On the Viability of Going Vegetarian

My 21-day vegetarian challenge ended last Sunday. And based on my experiences, I’ve decided that I can’t be a vegetarian.

It wasn’t too hard at first. During lunch breaks at work, I would simply eat from the mixed dishes and rice stalls – Chinese, Malay, and Indian. It was good enough. For dinner at home, my mum turned out to be very understanding and always made me something I could eat. She bought loads of portobello mushrooms, which I would toast with mozzarella cheese.

I also found that vegetarian breakfast (allowing eggs and milk) is certainly an easy compromise for me. I can definitely do without bacon or sausages in the morning. Scrambled eggs, mushrooms, tomatoes, toast, jams and peanut butter, milk, yogurt…there is a wide choice of of non-meat options. For the couple of lunches I had at home, I practised making rosti.

IMG_3682
A full brunch of rosti with portobello mushrooms topped with cheese and tomatoes, and an egg.

But the problems arose when eating out with friends. Eating is not only a nutritional activity, but a social one. And I found that vegetarianism hampered that social aspect of eating. Despite telling your friends not to mind your diet, as friends they will still be mindful of it and naturally some places become off-limits to your group due to your restriction. I suspect vegetarians tend to only eat with other vegetarians.

Being a vegetarian is by no means impossible. But as someone who has grown up in Singapore and tasted the inexhaustible variety of life that is Singaporean food, it is very, very, difficult. I missed my barbecued chicken wings, satays, and nasi lemak. I will always love chicken rice. At Chomp Chomp or Changi Village, in these foci of Singaporean gastronomy, all I could eat was carrot cake and rojak.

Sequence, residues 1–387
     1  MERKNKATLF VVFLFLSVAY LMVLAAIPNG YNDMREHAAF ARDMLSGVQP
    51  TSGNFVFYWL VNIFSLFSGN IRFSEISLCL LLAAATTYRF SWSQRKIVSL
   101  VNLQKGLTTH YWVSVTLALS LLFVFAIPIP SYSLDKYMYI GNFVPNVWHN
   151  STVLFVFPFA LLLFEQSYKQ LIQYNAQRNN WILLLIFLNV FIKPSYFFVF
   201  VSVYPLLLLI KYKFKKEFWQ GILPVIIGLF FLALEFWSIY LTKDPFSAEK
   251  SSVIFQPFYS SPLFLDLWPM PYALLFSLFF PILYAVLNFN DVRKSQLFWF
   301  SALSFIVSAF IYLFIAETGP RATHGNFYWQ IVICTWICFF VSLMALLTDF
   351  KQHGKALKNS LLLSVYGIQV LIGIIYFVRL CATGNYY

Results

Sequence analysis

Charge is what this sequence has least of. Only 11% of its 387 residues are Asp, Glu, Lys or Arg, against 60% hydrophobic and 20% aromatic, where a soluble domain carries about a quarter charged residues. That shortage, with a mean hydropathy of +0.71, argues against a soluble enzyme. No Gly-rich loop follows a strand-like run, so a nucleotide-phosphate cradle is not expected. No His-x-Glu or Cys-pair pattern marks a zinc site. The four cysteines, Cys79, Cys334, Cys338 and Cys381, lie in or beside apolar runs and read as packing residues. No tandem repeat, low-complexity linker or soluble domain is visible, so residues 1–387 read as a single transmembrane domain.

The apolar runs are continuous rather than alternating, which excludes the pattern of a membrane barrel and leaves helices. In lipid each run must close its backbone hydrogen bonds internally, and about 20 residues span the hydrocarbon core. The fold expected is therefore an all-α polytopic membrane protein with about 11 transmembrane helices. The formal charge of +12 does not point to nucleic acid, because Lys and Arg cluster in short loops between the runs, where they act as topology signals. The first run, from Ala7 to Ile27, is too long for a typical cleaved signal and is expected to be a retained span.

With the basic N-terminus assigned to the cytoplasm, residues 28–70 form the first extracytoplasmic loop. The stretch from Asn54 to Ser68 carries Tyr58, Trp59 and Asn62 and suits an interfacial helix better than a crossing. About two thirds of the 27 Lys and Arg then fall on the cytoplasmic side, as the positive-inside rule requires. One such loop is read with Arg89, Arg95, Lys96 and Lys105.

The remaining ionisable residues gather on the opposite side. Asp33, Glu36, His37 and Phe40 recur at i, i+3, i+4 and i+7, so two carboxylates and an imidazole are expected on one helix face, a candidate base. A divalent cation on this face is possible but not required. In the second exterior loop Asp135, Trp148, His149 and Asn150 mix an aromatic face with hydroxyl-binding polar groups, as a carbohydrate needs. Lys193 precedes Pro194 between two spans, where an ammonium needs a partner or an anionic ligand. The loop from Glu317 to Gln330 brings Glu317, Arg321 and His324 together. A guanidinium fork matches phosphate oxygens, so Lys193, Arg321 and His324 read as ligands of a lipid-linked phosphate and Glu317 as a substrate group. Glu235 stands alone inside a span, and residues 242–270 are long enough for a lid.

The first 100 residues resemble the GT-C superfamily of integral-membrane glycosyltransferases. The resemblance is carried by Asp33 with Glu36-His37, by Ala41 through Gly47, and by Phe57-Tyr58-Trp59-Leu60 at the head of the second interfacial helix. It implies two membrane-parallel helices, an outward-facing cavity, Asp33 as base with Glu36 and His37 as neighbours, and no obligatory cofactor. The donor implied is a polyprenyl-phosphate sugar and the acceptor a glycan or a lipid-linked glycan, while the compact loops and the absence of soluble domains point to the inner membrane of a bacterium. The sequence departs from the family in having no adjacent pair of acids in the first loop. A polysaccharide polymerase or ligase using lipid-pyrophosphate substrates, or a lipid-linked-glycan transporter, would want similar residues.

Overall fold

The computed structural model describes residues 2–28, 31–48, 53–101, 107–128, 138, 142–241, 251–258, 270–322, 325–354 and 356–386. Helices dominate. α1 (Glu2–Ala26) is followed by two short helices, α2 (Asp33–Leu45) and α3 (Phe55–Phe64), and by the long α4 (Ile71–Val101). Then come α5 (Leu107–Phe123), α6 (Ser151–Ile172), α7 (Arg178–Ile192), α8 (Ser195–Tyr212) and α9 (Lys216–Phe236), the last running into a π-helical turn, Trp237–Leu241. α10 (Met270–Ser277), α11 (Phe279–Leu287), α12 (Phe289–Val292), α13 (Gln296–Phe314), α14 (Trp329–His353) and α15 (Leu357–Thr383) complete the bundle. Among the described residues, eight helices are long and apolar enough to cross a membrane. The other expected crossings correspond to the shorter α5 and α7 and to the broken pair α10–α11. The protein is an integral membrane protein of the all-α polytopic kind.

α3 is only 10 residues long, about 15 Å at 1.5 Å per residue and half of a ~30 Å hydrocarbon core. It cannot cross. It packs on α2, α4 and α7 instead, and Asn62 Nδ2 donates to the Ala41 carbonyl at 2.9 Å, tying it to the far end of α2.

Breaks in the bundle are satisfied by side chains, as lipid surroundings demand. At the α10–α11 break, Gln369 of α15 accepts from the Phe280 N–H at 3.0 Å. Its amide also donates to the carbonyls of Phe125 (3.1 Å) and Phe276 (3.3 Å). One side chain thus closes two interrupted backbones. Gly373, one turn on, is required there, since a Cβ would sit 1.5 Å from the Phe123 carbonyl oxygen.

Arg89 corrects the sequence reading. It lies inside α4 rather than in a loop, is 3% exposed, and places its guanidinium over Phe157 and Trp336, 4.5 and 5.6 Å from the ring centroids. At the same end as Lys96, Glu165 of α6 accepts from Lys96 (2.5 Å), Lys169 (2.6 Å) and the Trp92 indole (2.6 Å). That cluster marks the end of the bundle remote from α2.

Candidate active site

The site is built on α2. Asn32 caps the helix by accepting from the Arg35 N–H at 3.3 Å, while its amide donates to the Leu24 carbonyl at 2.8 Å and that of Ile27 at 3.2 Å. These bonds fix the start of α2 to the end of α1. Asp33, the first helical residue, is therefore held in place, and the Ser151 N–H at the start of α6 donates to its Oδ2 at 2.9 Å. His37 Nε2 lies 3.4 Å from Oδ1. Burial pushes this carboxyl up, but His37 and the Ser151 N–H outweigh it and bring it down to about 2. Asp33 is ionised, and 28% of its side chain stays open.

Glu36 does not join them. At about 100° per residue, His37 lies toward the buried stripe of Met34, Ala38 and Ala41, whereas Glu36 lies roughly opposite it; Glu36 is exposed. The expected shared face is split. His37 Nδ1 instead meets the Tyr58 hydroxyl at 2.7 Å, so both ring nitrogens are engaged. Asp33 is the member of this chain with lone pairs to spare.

The past 21 days weren’t in vain, though. It reminded me how much meat was in my diet, and allowed me to assess which foods I could do without, and which I couldn’t. I still don’t need beef, and I can reduce my meat consumption by eliminating meat dishes I could do without, or at least making them an occasional treat. I daresay it might be possible to keep meat eating to less frequently than once a day, perhaps even once a week after a while. It would increase my enjoyment and appreciation of meat.

I would certainly recommend anyone to try this out. It reveals how much meat you put into your mouth. But I would advise you to try it with your group of friends, instead of just by yourself. It helps to share in the experience at the same time.

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One thought on “On the Viability of Going Vegetarian

  1. Pingback: Pushed, shoved, and compelled into a vegetarian diet | datanode.net

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